Off-campus location a factor in Pitt game attendance
By Kevin Gorman
Published: Saturday, Nov. 24, 2007,
Dave Wannstedt's debut as Pitt football coach was met with a raucous reception, as the Panthers drew ESPN's College GameDay crew and a standing-room-only crowd of 66,451 to Heinz Field for the 2005 season opener.
Pitt lost to Notre Dame, 42-21, and was 0-3 by the time it had another home game. Despite a 12-7 home record, the Panthers have drawn more than 50,000 to Heinz Field only once since, in the 2006 edition of the Backyard Brawl between Pitt and West Virginia.
"My vision would be to get the people as excited for a non-conference opponent as they are if we're playing West Virginia," Wannstedt said. "That's a constant challenge."
With Pitt (4-6, 2-3 Big East) headed for its third consecutive season without a bowl berth and its worst attendance since moving home games from its Oakland campus to the North Shore in 2001, Panthers fans regularly debate the merits of playing at an off-campus venue.
College football analysts believe fans should be looking not at the location of the stadium, but at the record and relevance of the team that plays in it.
"What it really comes down to is winning football games," said former Pitt quarterback John Congemi, now an ESPN college football color analyst. "If you win, people don't care where you play. Heinz Field is a great facility, but it's a big place. Pittsburghers love their football. If you're winning, they'll come out and watch and be as loud and exciting as anywhere in the country."
Although there is a direct correlation between attendance and atmosphere, turnout is even more connected to winning. The Big East is a prime example that drawing a crowd has less to do with the venue than it does with contending for the conference championship.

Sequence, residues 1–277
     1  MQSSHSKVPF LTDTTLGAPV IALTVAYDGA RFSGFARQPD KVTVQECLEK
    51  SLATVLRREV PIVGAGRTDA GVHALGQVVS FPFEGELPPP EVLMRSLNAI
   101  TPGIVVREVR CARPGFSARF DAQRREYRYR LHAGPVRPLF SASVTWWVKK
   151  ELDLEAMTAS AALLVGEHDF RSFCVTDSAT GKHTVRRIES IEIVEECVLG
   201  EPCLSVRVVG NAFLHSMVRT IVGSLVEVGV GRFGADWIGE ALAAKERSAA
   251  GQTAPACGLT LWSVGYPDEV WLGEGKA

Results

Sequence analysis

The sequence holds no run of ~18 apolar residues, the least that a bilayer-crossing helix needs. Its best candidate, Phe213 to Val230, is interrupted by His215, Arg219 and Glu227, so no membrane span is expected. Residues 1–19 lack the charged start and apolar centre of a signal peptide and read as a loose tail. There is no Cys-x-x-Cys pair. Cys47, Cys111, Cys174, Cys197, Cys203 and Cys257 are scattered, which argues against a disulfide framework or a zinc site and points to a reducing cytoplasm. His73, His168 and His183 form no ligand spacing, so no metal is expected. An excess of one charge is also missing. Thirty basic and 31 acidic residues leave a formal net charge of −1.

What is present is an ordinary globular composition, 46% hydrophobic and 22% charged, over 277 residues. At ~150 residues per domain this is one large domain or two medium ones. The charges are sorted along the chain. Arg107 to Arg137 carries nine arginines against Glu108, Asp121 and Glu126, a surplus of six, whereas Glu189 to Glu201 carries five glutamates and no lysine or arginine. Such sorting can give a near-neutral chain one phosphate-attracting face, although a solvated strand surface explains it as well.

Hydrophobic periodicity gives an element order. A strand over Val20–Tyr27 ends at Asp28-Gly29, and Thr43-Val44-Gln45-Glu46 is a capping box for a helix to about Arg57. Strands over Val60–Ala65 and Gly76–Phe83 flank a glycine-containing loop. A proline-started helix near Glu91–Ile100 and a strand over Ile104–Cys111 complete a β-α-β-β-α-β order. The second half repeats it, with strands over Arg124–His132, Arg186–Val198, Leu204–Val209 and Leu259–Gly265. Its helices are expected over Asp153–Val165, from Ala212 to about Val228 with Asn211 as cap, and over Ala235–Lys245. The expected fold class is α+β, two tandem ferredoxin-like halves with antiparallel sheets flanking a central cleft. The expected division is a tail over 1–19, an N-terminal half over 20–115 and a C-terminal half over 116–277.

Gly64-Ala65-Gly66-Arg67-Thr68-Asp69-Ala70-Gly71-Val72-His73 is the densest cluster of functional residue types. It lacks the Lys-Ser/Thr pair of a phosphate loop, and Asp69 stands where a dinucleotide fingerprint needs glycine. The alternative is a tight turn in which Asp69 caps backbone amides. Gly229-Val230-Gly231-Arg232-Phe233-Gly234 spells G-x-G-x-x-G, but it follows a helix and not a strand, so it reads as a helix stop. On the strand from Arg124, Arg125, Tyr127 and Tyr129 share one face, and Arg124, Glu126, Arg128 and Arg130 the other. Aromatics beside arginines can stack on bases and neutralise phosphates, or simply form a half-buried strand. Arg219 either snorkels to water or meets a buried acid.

"It's more to do with winning and losing and how the crowd is into the game," West Virginia coach Rich Rodriguez said. "Whether you have an on-campus or off-campus facility, you can get the crowd - in particular, your students - to be vocal at home. That's the thing that every coach wants. For a true home-field advantage, your fans have to be into the game and making noise for the other team when they have the ball and trying to make it difficult for them to communicate."
Expectations play a tremendous role in drawing a crowd. The preseason-favorite Mountaineers have sold out every game at their on-campus facility. Coming off a Cinderella season, Rutgers has a waiting list of 10,000 for season tickets, coach Greg Schiano said, and it is considering expanding its on-campus stadium.
"It really makes for a great atmosphere on game day. It makes a big difference," Schiano said. "I think it has to do a lot with winning. I do think there is a big positive to having your stadium on campus. I've been involved in both situations during my career, and I really like it a lot better with a stadium on campus."
Two of the best draws in the Big East this season, however, play at off-campus venues. South Florida plays at 65,000-seat Raymond James Stadium, home of the Tampa Bay Buccaneers. After ascending to No. 3 in the national rankings following an upset of West Virginia that drew a standing-room-only crowd of 67,012 on Sept. 28, the Bulls rank second in attendance after finishing seventh last year.